ABDI: The goal of intuition is to help the bodymind steer the waters of this life. Our true nature and the universe are one and the same. There is no distinction once we step out of our minds. We are always connected, but due to forgetfulness, we are hypnotized into confusing the part (bodymind) with the whole (our true nature). Intuition can help us get there if used that way. For example, it can be used to examine places in our lives that are false, etc. But it is just a tool. You can use a hammer to build a school or a prison. The irony is that intuition is most powerful when there is no "me" present. Just like remembering your true nature.

JW: You're a big believer in meditation? How can it combat this mass cultural sleepwalking?

ABDI: Meditation, on par with quality time in nature, is the single most important tool that one can use to break our cultural hypnosis. Done properly, it loosens the knot of the ego and its self-protecting and propagating tendency. We need to remember that some of the brightest minds of this culture and its science are employed to keep us sleepwalking through consumerism.

JW: You mentioned Thomas Edison meditated, can you elaborate?

ABDI: I read that Edison used to sit in a comfortable chair holding a metal ball bearing in his hand with a metal bowl underneath it. He would then relax. If he fell asleep, the ball would slip out of his hand and bang into the bowl. He was basically putting himself into a meditative state, and in that place was drawing his creative ideas. This is an old school way of reaching an alpha/meditative state. We can teach it now using EEG biofeedback.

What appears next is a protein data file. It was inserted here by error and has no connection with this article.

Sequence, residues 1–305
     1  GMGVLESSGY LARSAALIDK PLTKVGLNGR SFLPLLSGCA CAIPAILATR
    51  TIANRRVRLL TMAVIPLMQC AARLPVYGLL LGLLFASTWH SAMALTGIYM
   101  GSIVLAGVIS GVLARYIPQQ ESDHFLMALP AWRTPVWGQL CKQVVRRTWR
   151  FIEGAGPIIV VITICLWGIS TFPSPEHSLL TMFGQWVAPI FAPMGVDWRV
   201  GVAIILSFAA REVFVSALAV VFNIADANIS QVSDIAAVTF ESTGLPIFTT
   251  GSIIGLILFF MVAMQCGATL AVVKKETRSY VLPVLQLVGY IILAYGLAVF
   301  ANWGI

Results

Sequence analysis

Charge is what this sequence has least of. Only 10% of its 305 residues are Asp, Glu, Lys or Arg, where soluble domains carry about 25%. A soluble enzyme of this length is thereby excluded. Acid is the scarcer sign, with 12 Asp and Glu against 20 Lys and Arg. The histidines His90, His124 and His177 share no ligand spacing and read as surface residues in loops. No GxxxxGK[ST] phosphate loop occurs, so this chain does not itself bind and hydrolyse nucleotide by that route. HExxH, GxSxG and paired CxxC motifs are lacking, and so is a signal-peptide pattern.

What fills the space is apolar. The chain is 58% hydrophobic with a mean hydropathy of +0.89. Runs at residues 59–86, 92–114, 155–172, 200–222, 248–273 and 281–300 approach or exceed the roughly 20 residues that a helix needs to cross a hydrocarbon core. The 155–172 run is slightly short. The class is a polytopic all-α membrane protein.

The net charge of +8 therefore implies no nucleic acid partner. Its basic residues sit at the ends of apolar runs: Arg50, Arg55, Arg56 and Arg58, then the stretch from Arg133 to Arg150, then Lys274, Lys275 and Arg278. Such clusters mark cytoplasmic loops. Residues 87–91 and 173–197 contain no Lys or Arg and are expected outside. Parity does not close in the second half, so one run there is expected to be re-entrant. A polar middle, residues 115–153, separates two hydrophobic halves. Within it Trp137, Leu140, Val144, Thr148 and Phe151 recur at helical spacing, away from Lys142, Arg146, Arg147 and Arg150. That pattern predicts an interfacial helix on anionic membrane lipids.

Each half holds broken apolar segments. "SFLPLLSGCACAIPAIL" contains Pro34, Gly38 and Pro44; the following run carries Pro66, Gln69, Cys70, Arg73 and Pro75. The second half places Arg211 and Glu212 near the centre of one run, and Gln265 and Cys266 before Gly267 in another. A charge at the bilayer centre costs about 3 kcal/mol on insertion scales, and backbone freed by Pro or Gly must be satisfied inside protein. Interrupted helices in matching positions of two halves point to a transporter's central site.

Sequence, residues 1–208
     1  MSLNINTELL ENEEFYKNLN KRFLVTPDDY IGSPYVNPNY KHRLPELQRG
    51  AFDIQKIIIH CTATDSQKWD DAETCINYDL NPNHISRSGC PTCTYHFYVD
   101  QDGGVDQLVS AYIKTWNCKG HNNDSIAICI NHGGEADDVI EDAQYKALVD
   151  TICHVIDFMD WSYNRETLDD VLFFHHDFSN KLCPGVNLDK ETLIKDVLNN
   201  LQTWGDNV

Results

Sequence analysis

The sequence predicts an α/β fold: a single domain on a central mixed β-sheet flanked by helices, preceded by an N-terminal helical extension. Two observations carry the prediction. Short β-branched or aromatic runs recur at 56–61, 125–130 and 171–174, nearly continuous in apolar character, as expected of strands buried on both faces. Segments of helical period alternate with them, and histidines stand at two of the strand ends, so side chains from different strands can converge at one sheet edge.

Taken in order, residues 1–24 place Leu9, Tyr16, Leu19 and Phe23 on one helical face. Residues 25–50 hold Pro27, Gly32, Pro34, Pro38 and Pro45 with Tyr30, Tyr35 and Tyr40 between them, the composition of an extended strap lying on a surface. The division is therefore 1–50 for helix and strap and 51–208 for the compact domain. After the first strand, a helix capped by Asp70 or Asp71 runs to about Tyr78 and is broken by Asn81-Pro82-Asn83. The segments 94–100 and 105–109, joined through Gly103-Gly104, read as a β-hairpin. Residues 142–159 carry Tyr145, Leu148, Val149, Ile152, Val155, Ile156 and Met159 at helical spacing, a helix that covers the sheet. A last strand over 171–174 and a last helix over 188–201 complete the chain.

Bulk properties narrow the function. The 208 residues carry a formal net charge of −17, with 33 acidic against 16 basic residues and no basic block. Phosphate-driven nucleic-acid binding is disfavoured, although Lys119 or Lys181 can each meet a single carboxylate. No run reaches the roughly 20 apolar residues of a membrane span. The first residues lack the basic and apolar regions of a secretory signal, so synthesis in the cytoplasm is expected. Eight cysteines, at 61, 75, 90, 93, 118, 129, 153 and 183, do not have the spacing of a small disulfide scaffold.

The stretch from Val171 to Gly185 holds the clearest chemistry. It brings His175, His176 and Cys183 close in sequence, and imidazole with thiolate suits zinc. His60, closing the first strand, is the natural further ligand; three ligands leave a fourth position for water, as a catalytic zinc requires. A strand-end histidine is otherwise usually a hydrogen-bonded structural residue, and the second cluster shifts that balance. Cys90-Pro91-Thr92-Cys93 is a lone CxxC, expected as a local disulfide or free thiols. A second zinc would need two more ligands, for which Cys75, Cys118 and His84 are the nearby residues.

Similarly Kekule, the organic chemist who discovered the shape of the benzene ring, had said that it had come to him in a daydream in the form of a snake grasping its own tail.

JW: How can we differentiate between the ongoing mental chatter in our brains and genuine intuition?

ABDI: It can initially be difficult to differentiate between the ongoing mental chatter in our brains and genuine intuition. Mental chatter and intuition can not coexist. Mental chatter means that we are not present in the moment; we are focused on the past or future. We are sleepwalking. Intuition can only be accessed when we are fully present in the moment. This is where meditation can be helpful to help us be present in the moment.

JW: We all have intuition, can you explain? What are 2-3 things we can do to exercise our intuition muscles? 

ABDI: We all have intuition, just like we all have brains. Some of us have a higher IQ, some a bit lower, but overall we all have enough brainpower to navigate our lives. Some of us sharpen our mind by reading more or playing chess. In the same way, intuition can be strengthened. We can start by trying to figure out how our body accesses that information. For some of us, it is more a gut feeling (literally a feeling in an organ system upon an experience), for some of us it can be more kinesthetic (for example, our hairs standing on end when we experience an event). 

The first, second, and third thing we can do is to quiet our mind and pay attention. There are many books around which have plenty of exercises.

JW: How can a yoga practice help? 

ABDI: A yoga practice can and does help by pulling us back into ourselves and grounding our psyche in the moment. It also helps to have our breath and body moving in unison, in terms of opening up blockages.

JW: Other than picking up your own book, Shadows on the Path (which I just plowed through), what other books on intuition do you recommend?

ABDI: My book is the last book someone interested in intuition should read. It warns people against getting high instead of doing the work. I have never read a book on intuition, but know there are many out there.

JW: What are you working on? How can our readers find you?

ABDI: I work on staying awake, and living my life with all the honesty I can muster. And having fun doing it.